How to Keep Easter Eggs and Ham Bacteria-Free

March 29, 2018
Clara Yuvienco, MPH, and Howard Seltzer

Clara Yuvienco is a member of the U.S. Department of Agriculture Food Safety Education Staff. Howard Seltzer is a member of the Center for Food Safety and Applied Nutrition at the U.S. Food and Drug Administration.

Easter is right around the corner, which for many families means a day of egg hunts, chasing kids, and a traditional ham for dinner. Be sure that your meal is properly prepared! No one wants to get foodborne illness, especially if they have cancer.share on twitter

Proper ham preparation

Whether you are cooking a raw ham or preparing a ready-to-eat ham product, follow these steps for a ham that is cooked to perfection.

  • Look at the label to see if the product needs to be cooked. Ham may look precooked but still be raw. You don't want to eat raw or undercooked ham.

  • If your ham needs to be cooked, make sure it reaches an internal temperature of 145°F (63°C) after resting for 3 minutes. Set the oven at 325°F (163°C) or higher.

  • Cooked canned ham and cooked vacuum-packaged ham, both from federally inspected plants, can be eaten right out of the package. All of these, along with spiral-cut cooked ham, are safe to eat cold or they can be warmed to an internal temperature of 145°F (63°C) because they are already fully cooked.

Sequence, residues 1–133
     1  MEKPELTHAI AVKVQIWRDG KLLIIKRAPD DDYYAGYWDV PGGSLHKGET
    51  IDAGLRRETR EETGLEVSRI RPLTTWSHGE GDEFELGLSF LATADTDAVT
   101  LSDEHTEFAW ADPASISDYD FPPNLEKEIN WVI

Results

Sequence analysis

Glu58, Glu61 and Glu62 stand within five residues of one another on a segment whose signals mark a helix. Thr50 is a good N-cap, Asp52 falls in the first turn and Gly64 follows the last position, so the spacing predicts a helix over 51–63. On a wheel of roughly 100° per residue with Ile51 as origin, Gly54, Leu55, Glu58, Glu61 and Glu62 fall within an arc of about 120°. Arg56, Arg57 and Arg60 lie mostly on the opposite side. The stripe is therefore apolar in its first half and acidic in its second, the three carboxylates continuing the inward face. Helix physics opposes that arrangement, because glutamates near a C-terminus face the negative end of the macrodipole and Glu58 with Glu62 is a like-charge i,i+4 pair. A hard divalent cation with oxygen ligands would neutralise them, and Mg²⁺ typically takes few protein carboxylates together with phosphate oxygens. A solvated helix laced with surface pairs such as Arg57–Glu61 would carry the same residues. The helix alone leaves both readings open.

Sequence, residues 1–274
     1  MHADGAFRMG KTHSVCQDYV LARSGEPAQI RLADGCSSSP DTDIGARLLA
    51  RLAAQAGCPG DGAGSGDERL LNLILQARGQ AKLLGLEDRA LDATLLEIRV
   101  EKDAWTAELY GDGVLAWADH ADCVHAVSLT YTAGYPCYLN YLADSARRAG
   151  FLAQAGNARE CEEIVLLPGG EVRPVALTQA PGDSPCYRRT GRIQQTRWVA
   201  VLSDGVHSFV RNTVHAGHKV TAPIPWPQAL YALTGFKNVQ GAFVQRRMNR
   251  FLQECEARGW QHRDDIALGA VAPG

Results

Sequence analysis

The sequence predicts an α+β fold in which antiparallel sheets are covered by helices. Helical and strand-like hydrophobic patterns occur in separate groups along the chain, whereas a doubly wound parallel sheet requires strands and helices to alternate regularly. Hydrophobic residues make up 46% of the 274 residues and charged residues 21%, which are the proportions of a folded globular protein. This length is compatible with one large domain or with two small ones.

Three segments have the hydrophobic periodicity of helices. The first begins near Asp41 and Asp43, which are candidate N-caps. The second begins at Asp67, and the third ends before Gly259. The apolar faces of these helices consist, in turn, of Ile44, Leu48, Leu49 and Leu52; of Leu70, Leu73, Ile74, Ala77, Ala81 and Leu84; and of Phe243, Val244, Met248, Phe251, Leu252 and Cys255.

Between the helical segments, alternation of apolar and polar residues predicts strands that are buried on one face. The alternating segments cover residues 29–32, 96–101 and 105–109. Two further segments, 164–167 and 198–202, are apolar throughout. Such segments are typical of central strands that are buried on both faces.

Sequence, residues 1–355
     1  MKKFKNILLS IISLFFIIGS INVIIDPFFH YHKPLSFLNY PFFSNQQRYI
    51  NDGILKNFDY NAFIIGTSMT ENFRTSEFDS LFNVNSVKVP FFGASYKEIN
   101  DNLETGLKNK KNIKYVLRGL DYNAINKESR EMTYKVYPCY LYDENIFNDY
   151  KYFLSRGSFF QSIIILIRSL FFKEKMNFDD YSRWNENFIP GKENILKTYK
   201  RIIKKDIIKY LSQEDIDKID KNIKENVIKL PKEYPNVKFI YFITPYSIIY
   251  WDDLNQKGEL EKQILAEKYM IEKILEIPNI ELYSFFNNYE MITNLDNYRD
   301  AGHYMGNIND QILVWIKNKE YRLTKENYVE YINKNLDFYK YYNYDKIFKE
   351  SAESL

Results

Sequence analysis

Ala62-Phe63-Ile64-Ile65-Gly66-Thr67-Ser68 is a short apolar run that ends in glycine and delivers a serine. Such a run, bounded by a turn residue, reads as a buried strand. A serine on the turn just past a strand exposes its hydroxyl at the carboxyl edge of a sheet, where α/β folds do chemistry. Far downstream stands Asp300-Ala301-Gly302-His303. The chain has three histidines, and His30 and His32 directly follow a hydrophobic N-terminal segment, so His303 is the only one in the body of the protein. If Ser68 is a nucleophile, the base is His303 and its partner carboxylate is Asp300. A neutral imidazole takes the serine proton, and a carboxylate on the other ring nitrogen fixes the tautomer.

• If a cooked ham has been repackaged in any way and is not in its original packaging, heat it to an internal temperature of 165°F (74°C) before you serve it.

  • Use a food thermometer to make sure the internal temperature is right.

Egg safety

Did you know that Salmonella bacteria can be found on both the outside and inside of eggs, even if they appear to be normal? The more Salmonella bacteria in the egg, the more likely the egg is to cause illness. To enjoy eggs without the risk of getting sick:

  • Store eggs in the refrigerator.

  • Discard any cracked or dirty eggs.

  • Be sure to wash hands and any surfaces (countertops, utensils, or dishes) after contact with raw eggs.

  • Cook eggs thoroughly, until both the yolk and white are firm. Cooking reduces the number of bacteria in an egg. Lightly cooked egg whites and yolks, such as sunny side up or over easy, have both caused Salmonella infections. If this is how you prefer your eggs, consider buying pasteurized eggs.

  • Recipes containing eggs mixed with other foods should be cooked to an internal temperature of 160°F (71°C).

  • Eat eggs soon after preparing them. Don't keep them warm or at room temperature for more than 2 hours. DO NOT EAT hard-boiled eggs that have been used for an egg hunt or as decorations. If eggs have been at temperatures above 40°F (4.5°C) for more than 2 hours, throw them away.

Need more food safety information? Call the USDA Meat & Poultry Hotline at 1-888-MPHOTLINE (1-888-674-6854) or email You can also chat live with a USDA food safety specialist at, available from 10 a.m. to 6 p.m. Eastern Time, Monday through Friday, in English or Spanish.


Share your thoughts on this blog post on Cancer.Net's Facebook and Twitter.